The Cleveland Clinic’s main campus, its hospital in Weston, Fla., and the Cleveland Clinic Lou Ruvo Center for Brain Health in Las Vegas will be offering medical services through The Trust for an estimated 250 to 350 retired NFL players per year.
Some of the former athletes could have sustained “hundreds or thousands of hits that are sub-concussive,” even if they weren’t diagnosed with concussions, Alberts said.
“There has been some data to suggest this is a population that may be at higher risk of Parkinson’s, Alzheimer’s and even ALS,” also known as Lou Gehrig’s disease, Alberts said.
Repeated collisions in contact sports also are tied to cognitive impairments, pain, irritability, impulse control issues, paranoia, violent outbursts or even suicide, according to the Cleveland Clinic. Depression and difficulties with transitioning from pro athlete to post-sports life also will be addressed.
“We’re not giving up on anybody here,” Alberts said. “We’re going to try to develop and implement some interventions that could potentially help.”
Legacy of hits
Dave Wohlabaugh, 41, of Bath Township, doesn’t remember being diagnosed with a concussion during his nine-year career as a center with the Cleveland Browns and New England Patriots.
“I was never knocked out,” he said. “But I think by today’s standards, there were multiple times I had a concussion that was never properly diagnosed. I remember specific instances when you get blindsided or wiped out covering an interception and you’re walking off the field and you’re walking sideways. I don’t think you can talk to anyone who played the game at any level who hasn’t had that happen.”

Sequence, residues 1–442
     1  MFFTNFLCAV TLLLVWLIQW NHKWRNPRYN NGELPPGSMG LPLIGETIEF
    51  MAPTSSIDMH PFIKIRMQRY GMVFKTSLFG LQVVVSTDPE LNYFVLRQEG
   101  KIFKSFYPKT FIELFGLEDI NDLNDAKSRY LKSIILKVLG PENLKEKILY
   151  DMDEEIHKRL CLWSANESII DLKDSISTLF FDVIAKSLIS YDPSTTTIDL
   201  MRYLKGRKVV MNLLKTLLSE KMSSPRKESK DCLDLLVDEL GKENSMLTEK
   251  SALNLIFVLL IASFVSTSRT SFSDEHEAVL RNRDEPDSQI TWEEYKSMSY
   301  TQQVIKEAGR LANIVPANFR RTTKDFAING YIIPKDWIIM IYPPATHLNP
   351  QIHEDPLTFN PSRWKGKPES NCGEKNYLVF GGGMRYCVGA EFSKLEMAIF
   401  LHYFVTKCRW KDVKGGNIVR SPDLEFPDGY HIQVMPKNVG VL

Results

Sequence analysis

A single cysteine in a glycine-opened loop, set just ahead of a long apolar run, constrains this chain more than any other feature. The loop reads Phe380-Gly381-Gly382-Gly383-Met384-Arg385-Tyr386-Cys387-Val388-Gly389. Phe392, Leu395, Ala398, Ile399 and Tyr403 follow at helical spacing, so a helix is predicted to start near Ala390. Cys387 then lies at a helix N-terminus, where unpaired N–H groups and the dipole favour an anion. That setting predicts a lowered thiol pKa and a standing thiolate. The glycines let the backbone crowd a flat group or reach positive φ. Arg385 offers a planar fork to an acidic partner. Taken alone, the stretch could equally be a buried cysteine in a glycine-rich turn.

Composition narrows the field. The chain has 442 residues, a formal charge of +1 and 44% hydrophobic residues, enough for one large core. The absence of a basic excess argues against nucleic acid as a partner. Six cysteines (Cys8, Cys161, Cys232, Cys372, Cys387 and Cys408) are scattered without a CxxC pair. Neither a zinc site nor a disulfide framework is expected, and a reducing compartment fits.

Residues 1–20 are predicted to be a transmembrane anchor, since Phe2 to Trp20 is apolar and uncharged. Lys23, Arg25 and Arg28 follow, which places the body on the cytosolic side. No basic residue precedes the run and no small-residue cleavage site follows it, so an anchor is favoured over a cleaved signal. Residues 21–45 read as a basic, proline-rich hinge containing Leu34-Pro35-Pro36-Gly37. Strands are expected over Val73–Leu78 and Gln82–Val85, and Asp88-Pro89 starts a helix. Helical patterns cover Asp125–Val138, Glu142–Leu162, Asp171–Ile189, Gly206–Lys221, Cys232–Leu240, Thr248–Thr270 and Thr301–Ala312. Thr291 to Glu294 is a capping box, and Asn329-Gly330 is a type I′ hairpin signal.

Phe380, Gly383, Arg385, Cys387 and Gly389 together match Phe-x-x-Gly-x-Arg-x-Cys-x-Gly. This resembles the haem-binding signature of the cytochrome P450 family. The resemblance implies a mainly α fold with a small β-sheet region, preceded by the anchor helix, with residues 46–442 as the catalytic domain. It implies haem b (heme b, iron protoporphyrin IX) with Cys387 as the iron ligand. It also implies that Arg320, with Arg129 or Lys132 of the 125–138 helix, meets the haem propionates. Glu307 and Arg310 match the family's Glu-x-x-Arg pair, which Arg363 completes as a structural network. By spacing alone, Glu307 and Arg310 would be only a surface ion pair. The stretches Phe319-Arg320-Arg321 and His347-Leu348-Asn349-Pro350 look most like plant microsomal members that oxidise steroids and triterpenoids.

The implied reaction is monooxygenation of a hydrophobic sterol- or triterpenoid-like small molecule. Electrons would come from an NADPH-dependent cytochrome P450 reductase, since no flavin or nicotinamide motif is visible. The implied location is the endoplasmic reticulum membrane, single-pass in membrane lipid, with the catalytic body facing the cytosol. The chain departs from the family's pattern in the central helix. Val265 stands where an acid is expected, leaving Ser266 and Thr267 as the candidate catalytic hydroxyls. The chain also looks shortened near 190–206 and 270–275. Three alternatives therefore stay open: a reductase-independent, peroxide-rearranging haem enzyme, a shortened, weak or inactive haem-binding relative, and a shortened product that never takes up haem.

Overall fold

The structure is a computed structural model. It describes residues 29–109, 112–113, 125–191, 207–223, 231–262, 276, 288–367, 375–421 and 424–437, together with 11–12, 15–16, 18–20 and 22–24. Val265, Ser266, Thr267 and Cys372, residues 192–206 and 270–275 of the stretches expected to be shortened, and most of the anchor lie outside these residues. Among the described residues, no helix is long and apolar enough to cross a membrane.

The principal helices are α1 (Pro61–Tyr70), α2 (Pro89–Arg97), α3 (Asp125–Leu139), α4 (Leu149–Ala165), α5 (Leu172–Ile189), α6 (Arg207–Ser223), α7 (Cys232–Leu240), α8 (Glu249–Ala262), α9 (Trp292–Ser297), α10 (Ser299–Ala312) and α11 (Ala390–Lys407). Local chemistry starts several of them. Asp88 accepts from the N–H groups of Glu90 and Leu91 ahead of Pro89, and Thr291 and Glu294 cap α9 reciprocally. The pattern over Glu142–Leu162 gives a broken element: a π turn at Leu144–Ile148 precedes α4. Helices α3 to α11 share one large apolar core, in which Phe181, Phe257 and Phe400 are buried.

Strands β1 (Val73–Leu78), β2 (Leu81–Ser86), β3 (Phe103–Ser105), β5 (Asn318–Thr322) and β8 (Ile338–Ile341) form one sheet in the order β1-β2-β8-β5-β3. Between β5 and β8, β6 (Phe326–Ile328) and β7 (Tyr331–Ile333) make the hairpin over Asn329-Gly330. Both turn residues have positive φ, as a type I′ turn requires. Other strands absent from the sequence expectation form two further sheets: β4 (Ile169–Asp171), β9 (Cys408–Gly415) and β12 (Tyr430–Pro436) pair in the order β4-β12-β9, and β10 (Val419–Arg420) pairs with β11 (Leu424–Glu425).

Wohlabaugh, who now works as a financial adviser and helps coach his youngest son’s youth football team, said it’s hard to tell whether his occasional forgetfulness is just a sign of getting older or a consequence of his football career.
“When you play a game like football, there is an inherent risk,” he said. “It’s a violent sport. … The scary thing is there’s no crystal ball to see where you’re going, what’s potentially ahead of you. Do I look at myself and say I might have some things lingering potentially? Yes.”
Participants who complete the program through the Cleveland Clinic will undergo a thorough medical history and neurological and physical exam, including a functional MRI to look for any signs of brain abnormalities, Alberts said. “It’s an opportunity to get the baseline to see how things are changing or maybe not changing.”
A team of neurologists, neuropsychologists, physical therapists, wellness experts and other specialists will work with the patients to develop a personalized treatment plan.
Wohlabaugh said if he discovers he has health problems as a result of his playing days, he’ll address them the same way anyone would deal with injuries from their chosen career.
“I had a great job for a long period of time,” he said. “I got to play a game for a job. Not too many people can say that.”
Beacon Journal correspondent Jim Isabella contributed to this report. Beacon Journal medical writer Cheryl Powell can be reached at 330-996-3902 or firstname.lastname@example.org.